The present invention is a light fixture with adjustable shielding for use with a lamp. The light fixture of the present invention includes a reflector for operatively holding a lamp. The reflector has an interior surface and an exterior surface. A housing is located adjacent to and connected to the exterior surface of the reflector and is designed to hold an electromagnetic ballast and/or other components (terminals, switches, etc.). The light fixture is adjustable and cost-effective to manufacture. To this end, the reflector of the present invention is adjustably mounted to the housing. One end of the reflector has an arcuate portion adjacent the housing. The housing has a mating portion or front section that receives the arcuate portion of the reflector. In the preferred embodiment, the front section of the housing is designed to adjustably receive the reflector. The arcuate portion of the reflector is preferably of a substantially uniform arc (that is, throughout the path of the arc, each point on the arc is substantially equi-distant from a centerpoint). The length of the arcuate portion of the reflector is somewhat greater than the corresponding dimension of the housing. An adjustable connecting means for selectively adjusting the angle of the reflector relative to the housing is provided. The adjustable connecting means includes a slot formed in the reflector and a threaded fastener extending through the housing slot and into a mounting boss on the housing.
It is an object of the present invention to provide an adjustable beam security light which is adjustable for selectively fixing the location of the farthest edge of the security light's light beam.
Further, it is an object of the present invention to provide an adjustable beam security light which is adjustable to selectively limit the maximum angle (from vertical) of light rays emitted by a lamp in the security light.
It is an object of the present invention to provide an adjustable beam security light which is simply constructed, cost-effective to manufacture and conveniently adjustable.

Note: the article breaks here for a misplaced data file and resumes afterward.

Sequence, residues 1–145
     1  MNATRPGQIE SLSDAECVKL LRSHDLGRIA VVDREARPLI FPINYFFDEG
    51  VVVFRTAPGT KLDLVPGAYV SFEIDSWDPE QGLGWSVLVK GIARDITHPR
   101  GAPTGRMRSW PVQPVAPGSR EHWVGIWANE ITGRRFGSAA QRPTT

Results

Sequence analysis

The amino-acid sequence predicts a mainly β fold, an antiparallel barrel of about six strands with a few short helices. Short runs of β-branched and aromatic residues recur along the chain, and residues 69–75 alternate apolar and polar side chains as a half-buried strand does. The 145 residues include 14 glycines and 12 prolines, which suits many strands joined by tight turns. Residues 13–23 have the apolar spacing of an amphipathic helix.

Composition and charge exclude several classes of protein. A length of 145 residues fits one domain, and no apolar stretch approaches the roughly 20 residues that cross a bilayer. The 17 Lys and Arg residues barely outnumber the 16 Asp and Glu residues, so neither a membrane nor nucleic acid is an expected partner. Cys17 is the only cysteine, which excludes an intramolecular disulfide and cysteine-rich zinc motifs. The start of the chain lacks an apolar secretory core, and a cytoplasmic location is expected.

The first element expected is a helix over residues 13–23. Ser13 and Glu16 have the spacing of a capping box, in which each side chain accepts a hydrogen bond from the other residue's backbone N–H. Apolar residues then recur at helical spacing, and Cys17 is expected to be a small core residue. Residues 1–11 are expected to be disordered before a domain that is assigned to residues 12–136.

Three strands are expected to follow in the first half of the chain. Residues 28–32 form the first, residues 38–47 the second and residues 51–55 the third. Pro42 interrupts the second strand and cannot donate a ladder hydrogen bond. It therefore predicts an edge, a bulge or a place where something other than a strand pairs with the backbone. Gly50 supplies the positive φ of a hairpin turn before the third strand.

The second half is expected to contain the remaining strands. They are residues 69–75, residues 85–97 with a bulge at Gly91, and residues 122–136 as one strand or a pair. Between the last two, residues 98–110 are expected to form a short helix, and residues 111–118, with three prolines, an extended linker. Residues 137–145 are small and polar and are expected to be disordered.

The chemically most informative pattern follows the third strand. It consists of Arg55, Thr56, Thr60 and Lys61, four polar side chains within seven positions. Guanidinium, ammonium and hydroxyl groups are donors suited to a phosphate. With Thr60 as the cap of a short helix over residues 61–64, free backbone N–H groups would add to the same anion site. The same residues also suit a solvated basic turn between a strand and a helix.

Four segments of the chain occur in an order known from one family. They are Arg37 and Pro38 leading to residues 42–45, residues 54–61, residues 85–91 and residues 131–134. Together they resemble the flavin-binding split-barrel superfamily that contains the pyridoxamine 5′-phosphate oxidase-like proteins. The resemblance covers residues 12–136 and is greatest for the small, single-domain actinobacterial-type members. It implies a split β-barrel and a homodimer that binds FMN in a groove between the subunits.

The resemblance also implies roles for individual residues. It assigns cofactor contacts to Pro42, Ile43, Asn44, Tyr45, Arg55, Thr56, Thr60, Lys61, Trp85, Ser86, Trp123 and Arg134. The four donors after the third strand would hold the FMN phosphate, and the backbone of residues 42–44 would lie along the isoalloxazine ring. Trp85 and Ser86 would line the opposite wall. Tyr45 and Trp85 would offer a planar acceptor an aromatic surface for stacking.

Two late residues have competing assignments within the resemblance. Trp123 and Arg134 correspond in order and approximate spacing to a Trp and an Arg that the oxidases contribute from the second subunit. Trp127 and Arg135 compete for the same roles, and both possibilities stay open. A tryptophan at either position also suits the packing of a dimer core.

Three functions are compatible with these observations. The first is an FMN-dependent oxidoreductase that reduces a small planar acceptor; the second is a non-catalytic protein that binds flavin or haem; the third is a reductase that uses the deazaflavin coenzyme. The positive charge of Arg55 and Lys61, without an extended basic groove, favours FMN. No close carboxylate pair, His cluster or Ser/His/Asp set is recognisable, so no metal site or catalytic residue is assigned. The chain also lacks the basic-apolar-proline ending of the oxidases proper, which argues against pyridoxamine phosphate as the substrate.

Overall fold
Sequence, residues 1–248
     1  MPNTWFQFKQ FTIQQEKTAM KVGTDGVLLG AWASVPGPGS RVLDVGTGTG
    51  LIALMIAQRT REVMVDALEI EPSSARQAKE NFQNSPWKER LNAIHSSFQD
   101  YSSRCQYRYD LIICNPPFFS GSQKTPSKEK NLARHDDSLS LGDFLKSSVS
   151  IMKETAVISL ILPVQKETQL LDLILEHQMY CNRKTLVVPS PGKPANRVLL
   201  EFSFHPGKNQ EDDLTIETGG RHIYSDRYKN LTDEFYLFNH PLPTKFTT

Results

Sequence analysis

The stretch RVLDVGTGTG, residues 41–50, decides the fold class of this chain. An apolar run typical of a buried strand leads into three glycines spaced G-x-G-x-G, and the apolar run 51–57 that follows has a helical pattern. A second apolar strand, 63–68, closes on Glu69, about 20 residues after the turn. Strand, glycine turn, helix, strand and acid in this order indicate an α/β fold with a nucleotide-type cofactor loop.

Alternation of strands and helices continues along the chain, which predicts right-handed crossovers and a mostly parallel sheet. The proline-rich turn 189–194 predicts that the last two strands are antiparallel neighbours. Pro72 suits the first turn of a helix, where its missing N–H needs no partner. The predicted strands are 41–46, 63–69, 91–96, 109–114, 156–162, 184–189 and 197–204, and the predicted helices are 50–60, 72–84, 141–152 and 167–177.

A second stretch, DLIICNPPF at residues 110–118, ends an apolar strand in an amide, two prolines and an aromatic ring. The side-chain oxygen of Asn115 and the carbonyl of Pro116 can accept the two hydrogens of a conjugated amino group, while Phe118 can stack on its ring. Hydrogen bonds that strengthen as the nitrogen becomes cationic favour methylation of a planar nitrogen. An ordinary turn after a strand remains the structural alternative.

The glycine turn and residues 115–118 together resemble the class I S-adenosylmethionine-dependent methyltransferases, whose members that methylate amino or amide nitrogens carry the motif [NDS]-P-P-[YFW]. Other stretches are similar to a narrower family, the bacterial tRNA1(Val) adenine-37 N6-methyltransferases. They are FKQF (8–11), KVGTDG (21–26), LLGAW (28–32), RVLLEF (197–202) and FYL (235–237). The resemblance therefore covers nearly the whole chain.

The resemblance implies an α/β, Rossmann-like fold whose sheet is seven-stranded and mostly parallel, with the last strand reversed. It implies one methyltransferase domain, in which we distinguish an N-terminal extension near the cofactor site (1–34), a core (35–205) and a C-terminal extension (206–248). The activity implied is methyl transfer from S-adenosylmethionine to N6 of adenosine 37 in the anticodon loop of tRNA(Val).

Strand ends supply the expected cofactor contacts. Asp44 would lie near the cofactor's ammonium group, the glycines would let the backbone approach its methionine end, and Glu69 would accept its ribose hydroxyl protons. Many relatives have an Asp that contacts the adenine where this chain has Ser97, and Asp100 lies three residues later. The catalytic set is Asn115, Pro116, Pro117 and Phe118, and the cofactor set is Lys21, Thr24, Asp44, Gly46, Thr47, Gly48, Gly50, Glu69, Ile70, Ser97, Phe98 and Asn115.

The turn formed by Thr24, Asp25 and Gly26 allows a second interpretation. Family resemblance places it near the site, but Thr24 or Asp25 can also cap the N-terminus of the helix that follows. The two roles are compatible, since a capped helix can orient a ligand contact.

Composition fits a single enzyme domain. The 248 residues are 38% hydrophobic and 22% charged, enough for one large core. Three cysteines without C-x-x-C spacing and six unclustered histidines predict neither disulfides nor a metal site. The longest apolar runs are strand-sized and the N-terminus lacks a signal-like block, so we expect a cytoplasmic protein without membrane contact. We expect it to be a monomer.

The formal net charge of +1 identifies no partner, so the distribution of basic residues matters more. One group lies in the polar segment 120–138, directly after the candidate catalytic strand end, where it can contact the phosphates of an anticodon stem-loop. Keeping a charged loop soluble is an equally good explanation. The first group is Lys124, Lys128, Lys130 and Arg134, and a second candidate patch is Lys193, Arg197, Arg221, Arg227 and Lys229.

It is an object of the present invention to provide an adjustable beam security light as described above having a reflector and a housing and in which adjustability is accomplished by means of a slot and fastener connection between the reflector and the housing.
FIG. 1 is a top perspective view of the light fixture of the present invention.
FIG. 2 is a bottom perspective view of the light fixture of the present invention.
FIG. 3 is a cross-sectional view along line 3--3 the light fixture of the present invention with a lamp mounted therein.
FIG. 4 is a side elevational view of the light fixture of the present invention with the reflector forming a part of the invention in a horizontal position.
FIG. 5 is a side elevational view of the light fixture of the present invention with the reflector forming a part of the invention in an angled position.
FIG. 6 is a perspective view of the housing forming a part of the present invention.
In the following description, like reference characters designate like or corresponding parts throughout the several views. Also in the following description, it is to be understood that such terms as "forward", "rearward", "left" "right" "upwardly", "downwardly" and the like are words of convenience and are not to be construed as limiting terms.
The term "uniform arc", as used herein, means an arc wherein each point along the path of the arc is substantially equi-distant from a particular centerpoint.